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Did you know today is Blog Action Day? Join bloggers from around the world and write a post about what inequality means to you. Have you ever encountered it in your daily life?

We are each unequal to any other person by our inherent gifts, talents, and intellects, and opportunities. There are many limiting factors on each of our lives. Some people are more equal than others, since they got a good education, graduated from college, and are better able to be employed. Some people have the advantage of a loving, family, who cheers them on to whatever they can achieve, and gives them the support to reach their goals without trying to control the outcome. Some families are more able to give financial aid than others, but the emotional support is even more important than money. They may support them in selecting a job-oriented career that can be sets them on a suitable pathway other than a four year degree. A college degree is not necessary for everyone or the best for society in general.

It’s harder to pin down equality: the government tries to structure our lives so that equality is imposed, socially, educationally, and even medically. Federal programs try to standardize things like education to ensure equality, and to inject money into under-performing schools to bring them up to their standards. Unfortunately the populations in schools, and the quality of different school districts, even unions, can have an impact on how well students will be educated. Some schools and teachers can be talented enough to motivate students, and pull out the best from them, help them to be better than they thought they could be. That’s magic. Sometimes students themselves can be so self-motivated that they succeed beyond what might be expected of them. So imposed equality doesn’t mean a system or a government will produce equal results.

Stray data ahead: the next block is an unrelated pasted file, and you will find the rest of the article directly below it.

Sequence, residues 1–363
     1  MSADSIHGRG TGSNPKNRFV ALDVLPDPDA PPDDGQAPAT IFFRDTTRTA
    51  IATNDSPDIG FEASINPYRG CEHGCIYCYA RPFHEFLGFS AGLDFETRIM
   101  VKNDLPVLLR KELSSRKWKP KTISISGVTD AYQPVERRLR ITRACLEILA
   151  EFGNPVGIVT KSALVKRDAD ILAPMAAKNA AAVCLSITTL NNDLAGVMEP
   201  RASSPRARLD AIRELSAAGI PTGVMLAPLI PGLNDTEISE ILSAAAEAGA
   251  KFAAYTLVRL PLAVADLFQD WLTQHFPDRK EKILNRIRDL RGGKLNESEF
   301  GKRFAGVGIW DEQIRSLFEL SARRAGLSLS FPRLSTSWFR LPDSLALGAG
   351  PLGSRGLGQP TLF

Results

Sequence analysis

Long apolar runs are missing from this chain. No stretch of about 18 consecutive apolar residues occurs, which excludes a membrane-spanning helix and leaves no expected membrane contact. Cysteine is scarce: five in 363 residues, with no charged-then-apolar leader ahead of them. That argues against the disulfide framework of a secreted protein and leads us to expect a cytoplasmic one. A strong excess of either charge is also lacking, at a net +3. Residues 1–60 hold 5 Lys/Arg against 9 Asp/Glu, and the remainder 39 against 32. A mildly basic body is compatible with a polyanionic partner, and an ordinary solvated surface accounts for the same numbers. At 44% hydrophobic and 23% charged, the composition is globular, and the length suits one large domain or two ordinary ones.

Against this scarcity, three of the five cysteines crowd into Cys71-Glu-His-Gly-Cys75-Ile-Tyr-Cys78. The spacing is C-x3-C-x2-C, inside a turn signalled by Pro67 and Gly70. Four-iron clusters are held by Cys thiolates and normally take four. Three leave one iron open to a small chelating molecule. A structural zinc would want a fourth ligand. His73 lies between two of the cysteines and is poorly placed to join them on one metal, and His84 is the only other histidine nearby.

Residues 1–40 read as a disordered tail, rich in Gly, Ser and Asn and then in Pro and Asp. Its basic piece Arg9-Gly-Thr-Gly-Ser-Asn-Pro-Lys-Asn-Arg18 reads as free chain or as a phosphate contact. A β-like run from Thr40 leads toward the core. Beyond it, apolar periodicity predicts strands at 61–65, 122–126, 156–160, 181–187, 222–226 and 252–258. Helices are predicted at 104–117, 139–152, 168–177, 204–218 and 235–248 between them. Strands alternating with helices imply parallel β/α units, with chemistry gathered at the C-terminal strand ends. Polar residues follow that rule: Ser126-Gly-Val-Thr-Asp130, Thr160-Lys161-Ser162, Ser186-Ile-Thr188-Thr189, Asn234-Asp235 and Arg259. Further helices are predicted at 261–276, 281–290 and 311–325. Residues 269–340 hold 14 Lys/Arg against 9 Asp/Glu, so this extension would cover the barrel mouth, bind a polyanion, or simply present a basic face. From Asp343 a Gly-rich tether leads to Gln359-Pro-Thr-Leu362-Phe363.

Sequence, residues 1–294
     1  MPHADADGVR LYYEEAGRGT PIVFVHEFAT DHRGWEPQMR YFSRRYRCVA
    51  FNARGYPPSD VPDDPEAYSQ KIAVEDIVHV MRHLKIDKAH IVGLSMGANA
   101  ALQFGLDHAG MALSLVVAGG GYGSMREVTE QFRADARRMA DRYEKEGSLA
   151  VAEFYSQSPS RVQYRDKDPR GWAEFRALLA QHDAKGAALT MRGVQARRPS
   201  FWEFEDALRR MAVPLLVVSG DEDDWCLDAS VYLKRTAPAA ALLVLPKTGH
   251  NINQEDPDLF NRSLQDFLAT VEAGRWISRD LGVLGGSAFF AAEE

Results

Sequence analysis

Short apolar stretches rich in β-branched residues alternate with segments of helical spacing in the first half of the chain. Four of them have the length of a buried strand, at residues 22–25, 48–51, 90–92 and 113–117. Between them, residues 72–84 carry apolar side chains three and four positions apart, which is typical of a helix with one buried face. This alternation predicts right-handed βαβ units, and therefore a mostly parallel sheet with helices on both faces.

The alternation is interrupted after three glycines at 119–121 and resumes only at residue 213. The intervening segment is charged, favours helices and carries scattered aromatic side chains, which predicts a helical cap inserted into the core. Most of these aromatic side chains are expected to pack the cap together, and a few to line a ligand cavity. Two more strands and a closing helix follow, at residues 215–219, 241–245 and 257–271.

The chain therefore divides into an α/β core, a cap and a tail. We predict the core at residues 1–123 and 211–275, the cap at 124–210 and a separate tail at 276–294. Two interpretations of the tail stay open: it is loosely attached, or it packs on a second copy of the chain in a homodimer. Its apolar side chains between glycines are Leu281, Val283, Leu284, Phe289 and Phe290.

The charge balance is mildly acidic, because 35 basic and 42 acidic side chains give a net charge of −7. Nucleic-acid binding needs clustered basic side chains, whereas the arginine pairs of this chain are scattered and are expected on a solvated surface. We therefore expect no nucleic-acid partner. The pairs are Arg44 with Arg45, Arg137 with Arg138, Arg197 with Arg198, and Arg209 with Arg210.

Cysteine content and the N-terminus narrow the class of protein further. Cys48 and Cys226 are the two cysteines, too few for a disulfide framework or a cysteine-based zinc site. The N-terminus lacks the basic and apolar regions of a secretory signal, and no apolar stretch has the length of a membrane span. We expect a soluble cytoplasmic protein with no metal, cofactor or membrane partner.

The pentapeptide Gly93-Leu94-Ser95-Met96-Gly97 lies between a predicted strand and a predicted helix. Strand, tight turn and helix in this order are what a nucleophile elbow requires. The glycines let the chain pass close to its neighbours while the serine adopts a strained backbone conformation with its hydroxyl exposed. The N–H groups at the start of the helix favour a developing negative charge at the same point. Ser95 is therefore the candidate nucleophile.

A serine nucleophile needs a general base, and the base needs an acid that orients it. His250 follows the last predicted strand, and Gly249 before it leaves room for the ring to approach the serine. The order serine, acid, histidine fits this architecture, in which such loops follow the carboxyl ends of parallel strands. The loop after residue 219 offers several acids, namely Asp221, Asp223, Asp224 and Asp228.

Again, the government has tried to break down these barriers through legislation, and in some significant ways that has been crucial and necessary. The Civil Rights Acts, of course, made unequal and segregated education illegal. The was a big step forward in providing opportunities to more young people, no matter what their race.

Equality can be a state of mind, an attitude that “I can achieve whatever I want within my abilities,” without obstacles being put in the way. That’s the most important factor in equality, really, the opportunity to have dreams, to have the freedom to pursue them. This state of mind often come from high self esteem cultivated in a family and group of friends who respect and encourage the individual’s special talents, abilities, and goals.

We strive to ensure equality, but perhaps another view is to “demand” equality and show that it is deserved. Young people especially must feel that they have rights to equal opportunity, but that it is their job to make the most of   these opportunities.